In fact it was my father’s health we had been concerned about lately.

Over the last month or so he had been experiencing increasing problems with fatigue and balance and joint pain. We thought at first it was just the cumulative effective of caregiving…and certainly that did not help. But his voice was different. Farther away, somehow.

It wasn’t until I cited my work schedule and the amount of PTO (Paid Time Off) I had that my father cut me any slack. He didn’t want to get me into trouble at work. He knew someone my age would have a hard time getting another job.

I could tell already this was going to be an uplifting occasion.

Millstone in an Abandoned Turkish Village. Courtesy Wikipedia Commons.

Millstone in an Abandoned Turkish Village. [Public Domain] Courtesy Wikimedia Commons.

The truth is I did not want to celebrate this particular birthday with my mother. This millstone/milestone.

Not that I did not want to be in her company. But I did not relish spending my birthday in the company of Alzheimer’s. The Alzheimer’s her mother also had. The Alzheimer’s that is more common in women than men, and that may or may not have a genetic component.

In doing the soul work that entering this new decade entails, I know I have to bow to this stranger in the shadows. It is not enough to hope I beat the odds, or hope they find a cure if I don’t. What does it mean to be spared, this stranger whispers, if others aren’t?

I know he is right. But I do not want him at my goddam party, all the same.

I book a flight for June 2-7.

Not on anybody’s exact birthday, but it will avoid my most pressing grant deadlines, and allow my out-of-town brother and sister and their families to join us. In reality, for my mother, one day is the same as another. In reality, it is my father who wants me home.

But that is now how it happens. That is not how it happens at all.

8 thoughts on “Milestones and Millstones

  1. Janika Banks says:

    Went through much the same withing my parents. <3

    Like

  2. Norah says:

    Thinking of you, Paula. It is scary indeed to think of that thief in the night who robs us of our loved ones and then returns for us. I hope he forgets about you. Maybe he’ll be the one with Alzheimers. You can only hope. Look after yourself. “Welcome” to the decade. :)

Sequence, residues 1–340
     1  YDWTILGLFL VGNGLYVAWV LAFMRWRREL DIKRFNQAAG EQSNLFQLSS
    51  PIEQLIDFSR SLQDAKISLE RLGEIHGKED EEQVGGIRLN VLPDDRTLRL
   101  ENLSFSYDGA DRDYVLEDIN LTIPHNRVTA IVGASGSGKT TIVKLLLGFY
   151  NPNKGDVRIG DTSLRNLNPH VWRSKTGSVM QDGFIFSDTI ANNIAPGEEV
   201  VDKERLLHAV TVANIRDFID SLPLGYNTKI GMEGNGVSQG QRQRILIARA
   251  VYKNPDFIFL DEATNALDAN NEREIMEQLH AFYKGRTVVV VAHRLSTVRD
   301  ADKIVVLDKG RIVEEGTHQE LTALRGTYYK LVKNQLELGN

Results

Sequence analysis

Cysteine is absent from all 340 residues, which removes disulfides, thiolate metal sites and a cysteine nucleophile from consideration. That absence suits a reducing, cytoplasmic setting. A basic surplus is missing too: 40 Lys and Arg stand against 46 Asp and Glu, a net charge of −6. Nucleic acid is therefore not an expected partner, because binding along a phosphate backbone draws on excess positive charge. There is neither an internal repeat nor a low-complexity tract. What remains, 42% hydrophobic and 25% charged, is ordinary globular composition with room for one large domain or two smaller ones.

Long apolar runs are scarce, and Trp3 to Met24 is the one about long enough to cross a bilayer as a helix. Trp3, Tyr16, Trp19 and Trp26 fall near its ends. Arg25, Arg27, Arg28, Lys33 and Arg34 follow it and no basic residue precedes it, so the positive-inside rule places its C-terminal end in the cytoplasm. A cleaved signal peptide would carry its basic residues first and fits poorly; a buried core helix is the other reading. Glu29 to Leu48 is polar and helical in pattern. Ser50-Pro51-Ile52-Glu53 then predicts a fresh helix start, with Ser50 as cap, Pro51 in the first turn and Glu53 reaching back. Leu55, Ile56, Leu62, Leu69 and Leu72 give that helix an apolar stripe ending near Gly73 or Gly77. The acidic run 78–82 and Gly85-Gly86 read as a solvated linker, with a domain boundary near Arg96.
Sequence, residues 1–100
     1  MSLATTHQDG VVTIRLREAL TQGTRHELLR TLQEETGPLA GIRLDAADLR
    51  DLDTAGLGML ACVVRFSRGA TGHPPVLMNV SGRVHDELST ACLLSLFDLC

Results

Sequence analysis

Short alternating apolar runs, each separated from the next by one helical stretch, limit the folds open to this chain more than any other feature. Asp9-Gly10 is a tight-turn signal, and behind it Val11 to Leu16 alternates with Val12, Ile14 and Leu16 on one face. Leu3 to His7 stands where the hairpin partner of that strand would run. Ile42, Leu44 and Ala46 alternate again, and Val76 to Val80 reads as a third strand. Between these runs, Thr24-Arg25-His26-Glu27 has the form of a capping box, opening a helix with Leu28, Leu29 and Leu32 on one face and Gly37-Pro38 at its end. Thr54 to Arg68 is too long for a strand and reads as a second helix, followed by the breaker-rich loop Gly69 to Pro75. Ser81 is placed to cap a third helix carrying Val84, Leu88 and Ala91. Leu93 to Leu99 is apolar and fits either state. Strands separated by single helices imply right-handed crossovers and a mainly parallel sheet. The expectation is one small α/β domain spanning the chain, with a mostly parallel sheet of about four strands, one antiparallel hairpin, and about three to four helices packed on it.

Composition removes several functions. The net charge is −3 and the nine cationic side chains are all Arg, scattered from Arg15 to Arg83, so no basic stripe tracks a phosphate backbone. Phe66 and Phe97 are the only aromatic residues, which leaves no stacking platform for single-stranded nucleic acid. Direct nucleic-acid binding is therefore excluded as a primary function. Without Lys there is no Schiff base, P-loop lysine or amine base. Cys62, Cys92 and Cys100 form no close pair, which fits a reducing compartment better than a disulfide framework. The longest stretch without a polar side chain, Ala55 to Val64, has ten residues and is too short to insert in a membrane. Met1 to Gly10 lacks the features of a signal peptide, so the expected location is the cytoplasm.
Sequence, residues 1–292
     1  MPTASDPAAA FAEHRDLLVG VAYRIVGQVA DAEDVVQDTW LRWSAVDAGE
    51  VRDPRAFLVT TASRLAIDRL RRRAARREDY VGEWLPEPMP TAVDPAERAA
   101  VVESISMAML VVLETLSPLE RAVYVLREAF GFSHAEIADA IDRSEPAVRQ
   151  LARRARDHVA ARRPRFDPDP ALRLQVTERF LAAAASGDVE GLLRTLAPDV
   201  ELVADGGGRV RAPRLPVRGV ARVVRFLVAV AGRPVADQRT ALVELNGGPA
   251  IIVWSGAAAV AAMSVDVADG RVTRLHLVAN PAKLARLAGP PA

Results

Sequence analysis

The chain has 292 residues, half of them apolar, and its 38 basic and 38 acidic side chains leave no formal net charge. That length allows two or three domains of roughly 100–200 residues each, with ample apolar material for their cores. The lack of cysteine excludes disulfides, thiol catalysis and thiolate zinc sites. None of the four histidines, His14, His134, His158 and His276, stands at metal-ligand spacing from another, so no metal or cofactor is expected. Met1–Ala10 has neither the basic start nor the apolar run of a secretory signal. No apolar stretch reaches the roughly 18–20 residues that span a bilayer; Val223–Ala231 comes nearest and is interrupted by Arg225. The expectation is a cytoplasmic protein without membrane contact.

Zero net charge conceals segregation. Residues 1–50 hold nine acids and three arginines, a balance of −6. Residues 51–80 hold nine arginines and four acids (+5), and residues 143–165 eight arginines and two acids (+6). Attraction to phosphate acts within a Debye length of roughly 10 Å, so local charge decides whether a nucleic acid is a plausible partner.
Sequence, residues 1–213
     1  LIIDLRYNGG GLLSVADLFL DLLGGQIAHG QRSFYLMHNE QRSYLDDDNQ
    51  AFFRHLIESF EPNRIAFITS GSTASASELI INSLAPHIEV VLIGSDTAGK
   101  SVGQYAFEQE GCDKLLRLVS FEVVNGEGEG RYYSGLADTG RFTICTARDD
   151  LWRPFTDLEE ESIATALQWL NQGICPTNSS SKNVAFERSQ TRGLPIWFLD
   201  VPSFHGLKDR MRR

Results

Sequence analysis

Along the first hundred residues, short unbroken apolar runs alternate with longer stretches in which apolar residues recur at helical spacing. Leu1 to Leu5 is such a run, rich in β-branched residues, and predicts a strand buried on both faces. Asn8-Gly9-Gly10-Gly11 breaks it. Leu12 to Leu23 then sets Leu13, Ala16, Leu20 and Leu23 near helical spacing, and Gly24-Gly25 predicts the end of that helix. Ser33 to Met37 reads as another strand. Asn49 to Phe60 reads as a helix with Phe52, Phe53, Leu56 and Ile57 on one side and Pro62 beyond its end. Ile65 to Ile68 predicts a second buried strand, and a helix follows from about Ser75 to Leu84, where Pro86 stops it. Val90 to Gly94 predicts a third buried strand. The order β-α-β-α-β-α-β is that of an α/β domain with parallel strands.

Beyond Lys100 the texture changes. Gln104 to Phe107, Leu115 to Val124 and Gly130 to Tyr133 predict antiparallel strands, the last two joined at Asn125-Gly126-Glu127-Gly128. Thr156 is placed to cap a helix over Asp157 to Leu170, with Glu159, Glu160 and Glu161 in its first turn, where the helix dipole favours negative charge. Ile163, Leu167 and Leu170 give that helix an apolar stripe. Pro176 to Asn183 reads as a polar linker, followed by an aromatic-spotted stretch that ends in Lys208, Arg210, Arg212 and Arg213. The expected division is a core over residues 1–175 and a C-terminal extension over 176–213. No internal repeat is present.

Liked by 1 person

  3. elainemansfield says:

    Unfortunately, I get it. When I had young children, I watched my grandmother sink into Alzhemier’s oblivion. All three of her children developed the same symptoms around the same age in their mid to late 70s and survived with it for at least a decade. My mom died at 92, the year before my husband died. Yes, a thief in the night, but even if the thief arrives in the daylight and we’re watching for it, the robbery can’t be stopped even with great self-care (my mom did that all her life). It’s one more thing I can’t do anything about other than what I’m doing. When my mom was in her 80s, I was overjoyed when we had moments of strong contact. Lots of forgiveness and love poured out, but I had to be persistent in trying to reach her. Holding you in love..

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    • Those moments of strong contact are hard over the phone when your mother keeps forgetting what the phone is for. ;-) But you are right, they are a source of joy. I need to get back home for another visit. For me this oblivion has brought up some deep philosophical and spiritual questions that I clearly need to engage with, so that at least is a good thing. Thank you for the holding. There are many good things about living alone again, but a surfeit of holding is not one of them.

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  4. Judi Lynn says:

    As eloquent as always. You have a gift for the profound. I really enjoyed this.

    Like